The amount of ink it takes to write a simple government letter would surprise you. But that can easily be changed. A ninth-grade high school student came up with a simple solution that could save the U.S government $370 million annually, and it all revolves around the type of font used on paperwork.

14-year-old Suvir Mirchandani, a native Pittsburgh high school student began researching the general cost of ink and printing as part of a science project when he was only in sixth grade. He determined that his local school system could save $21,000 a year if it switched from a font like Times New Roman to one with narrower strokes like Garamond. Changes in font make a big difference in the amount of printer ink it takes to print out our favorite font styles. Bolder letter equals more ink to mirror the effect. Serif versus sans serif font could potentially make a small difference as well.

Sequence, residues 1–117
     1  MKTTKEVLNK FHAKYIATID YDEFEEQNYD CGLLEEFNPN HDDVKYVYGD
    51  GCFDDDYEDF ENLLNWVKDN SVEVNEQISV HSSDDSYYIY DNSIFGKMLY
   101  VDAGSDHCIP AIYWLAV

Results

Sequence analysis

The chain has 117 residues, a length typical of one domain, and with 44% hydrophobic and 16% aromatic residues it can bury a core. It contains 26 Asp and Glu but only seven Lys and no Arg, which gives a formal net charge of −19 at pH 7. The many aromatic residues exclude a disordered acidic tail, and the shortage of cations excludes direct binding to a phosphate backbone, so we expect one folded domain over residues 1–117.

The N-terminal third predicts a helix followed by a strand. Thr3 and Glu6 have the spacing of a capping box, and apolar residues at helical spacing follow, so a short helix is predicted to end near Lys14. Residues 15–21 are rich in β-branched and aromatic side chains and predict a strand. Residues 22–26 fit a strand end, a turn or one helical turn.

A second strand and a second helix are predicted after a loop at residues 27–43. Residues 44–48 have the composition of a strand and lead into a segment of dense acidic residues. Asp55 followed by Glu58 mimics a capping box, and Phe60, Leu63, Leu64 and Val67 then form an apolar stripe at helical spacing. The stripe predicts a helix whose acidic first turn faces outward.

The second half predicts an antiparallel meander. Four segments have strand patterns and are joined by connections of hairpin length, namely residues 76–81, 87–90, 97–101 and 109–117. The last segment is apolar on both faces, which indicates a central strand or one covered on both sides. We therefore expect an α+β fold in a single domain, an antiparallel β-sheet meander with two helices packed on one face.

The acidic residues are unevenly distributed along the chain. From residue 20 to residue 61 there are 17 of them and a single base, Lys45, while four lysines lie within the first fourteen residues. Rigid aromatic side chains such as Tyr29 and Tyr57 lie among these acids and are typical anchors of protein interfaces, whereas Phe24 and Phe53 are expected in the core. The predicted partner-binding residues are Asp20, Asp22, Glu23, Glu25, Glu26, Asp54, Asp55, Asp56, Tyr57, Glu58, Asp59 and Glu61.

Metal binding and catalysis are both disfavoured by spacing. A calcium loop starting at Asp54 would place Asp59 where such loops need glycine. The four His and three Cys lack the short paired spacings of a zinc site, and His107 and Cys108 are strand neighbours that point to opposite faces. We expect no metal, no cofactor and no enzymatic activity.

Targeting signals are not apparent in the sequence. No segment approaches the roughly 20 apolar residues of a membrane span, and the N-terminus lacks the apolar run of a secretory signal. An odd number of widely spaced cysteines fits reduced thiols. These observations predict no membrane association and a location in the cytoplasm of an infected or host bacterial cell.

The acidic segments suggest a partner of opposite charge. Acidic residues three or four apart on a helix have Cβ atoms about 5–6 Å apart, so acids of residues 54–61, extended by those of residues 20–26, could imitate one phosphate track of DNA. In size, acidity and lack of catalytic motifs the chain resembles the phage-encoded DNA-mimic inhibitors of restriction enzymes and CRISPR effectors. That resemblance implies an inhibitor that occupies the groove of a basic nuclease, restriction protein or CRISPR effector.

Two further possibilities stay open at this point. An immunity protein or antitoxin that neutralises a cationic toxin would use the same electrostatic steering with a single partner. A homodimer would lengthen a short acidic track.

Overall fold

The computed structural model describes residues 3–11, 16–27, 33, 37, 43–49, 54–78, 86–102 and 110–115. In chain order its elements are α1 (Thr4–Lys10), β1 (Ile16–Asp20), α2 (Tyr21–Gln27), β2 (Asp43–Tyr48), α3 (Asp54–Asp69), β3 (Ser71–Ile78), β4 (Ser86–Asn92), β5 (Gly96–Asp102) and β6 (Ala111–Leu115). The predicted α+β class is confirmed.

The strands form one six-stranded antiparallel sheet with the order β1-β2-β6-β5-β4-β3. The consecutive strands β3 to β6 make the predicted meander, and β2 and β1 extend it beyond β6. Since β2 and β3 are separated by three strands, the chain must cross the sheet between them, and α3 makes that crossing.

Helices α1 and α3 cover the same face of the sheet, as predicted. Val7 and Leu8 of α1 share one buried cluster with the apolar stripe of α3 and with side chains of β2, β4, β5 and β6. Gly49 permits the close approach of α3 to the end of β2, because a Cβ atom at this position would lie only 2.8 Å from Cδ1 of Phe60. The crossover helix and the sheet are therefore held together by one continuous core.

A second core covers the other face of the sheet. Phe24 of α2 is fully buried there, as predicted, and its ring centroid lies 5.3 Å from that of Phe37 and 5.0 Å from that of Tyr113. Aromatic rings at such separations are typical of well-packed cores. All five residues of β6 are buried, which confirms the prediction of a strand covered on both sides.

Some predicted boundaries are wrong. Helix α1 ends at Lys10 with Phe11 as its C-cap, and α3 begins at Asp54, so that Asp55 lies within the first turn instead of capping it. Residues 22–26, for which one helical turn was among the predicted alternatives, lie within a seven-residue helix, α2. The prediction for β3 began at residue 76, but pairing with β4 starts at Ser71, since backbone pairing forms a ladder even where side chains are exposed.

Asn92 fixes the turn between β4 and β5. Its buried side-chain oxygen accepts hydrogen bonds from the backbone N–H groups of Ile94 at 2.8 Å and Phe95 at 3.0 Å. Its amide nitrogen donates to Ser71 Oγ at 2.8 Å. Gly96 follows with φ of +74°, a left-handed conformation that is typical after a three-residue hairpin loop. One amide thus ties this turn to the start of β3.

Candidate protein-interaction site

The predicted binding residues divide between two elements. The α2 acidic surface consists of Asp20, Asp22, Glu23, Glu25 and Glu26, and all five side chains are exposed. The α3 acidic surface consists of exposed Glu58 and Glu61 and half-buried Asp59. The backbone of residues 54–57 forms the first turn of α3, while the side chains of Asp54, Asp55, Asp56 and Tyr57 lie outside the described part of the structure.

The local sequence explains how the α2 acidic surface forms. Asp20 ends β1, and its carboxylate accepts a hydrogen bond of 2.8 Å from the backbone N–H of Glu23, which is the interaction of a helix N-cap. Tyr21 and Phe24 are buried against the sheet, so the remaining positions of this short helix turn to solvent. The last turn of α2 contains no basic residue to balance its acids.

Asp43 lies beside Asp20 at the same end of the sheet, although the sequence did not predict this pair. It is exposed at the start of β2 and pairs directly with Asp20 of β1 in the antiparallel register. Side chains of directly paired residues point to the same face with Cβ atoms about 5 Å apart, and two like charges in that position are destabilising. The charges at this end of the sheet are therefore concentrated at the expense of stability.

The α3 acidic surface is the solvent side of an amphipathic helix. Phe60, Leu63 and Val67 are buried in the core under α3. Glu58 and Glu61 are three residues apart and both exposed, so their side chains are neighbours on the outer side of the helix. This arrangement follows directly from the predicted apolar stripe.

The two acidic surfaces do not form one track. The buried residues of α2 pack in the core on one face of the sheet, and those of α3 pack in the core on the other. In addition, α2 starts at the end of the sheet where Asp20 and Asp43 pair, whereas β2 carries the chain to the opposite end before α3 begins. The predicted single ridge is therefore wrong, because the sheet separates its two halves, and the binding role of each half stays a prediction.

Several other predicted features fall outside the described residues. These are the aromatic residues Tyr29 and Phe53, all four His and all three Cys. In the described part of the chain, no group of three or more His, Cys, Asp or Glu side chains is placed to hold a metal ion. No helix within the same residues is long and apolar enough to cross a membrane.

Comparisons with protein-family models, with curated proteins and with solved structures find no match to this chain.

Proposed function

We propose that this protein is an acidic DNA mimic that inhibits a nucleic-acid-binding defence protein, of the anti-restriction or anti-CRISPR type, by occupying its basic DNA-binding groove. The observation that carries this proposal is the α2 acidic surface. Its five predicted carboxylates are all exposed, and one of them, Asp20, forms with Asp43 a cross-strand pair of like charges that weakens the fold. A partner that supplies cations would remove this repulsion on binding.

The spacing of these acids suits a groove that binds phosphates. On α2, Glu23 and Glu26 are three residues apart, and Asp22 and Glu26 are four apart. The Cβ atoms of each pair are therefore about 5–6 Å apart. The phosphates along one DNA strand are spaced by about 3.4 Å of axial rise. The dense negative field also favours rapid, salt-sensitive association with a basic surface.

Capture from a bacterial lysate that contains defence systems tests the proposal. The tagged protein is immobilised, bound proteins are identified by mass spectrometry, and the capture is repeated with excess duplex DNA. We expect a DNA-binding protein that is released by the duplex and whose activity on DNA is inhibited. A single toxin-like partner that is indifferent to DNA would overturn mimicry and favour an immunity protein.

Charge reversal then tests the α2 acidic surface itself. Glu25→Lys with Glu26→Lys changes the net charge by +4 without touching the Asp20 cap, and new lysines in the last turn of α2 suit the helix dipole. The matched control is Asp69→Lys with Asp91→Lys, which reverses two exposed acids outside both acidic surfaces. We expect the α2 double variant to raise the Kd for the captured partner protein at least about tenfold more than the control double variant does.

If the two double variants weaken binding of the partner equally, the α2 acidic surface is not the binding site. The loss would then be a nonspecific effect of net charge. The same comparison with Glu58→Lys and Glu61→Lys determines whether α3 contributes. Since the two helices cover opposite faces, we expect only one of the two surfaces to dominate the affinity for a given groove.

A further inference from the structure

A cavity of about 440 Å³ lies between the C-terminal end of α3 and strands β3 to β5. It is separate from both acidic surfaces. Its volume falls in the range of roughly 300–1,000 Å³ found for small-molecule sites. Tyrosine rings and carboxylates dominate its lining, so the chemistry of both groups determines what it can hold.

Survi used APFill Ink Coverage Software to compare various typefaces commonly used on teacher handouts and letters, and found a way to reduce ink consumption by 24 percent. He further expanded his study to the government by following the same procedure, sampling documents from the Government Printing Office website: The government estimates its annual cost of ink to be $467 million across all sectors, Suvir concluded that if it switched to Garamond, it would save the country $136 million per year. An additional $234 million could be saved annually if state governments followed suit.

We are thinking all of that money could be put toward education to keep our country’s students sharp!

#printing #type #font #government #spending #survi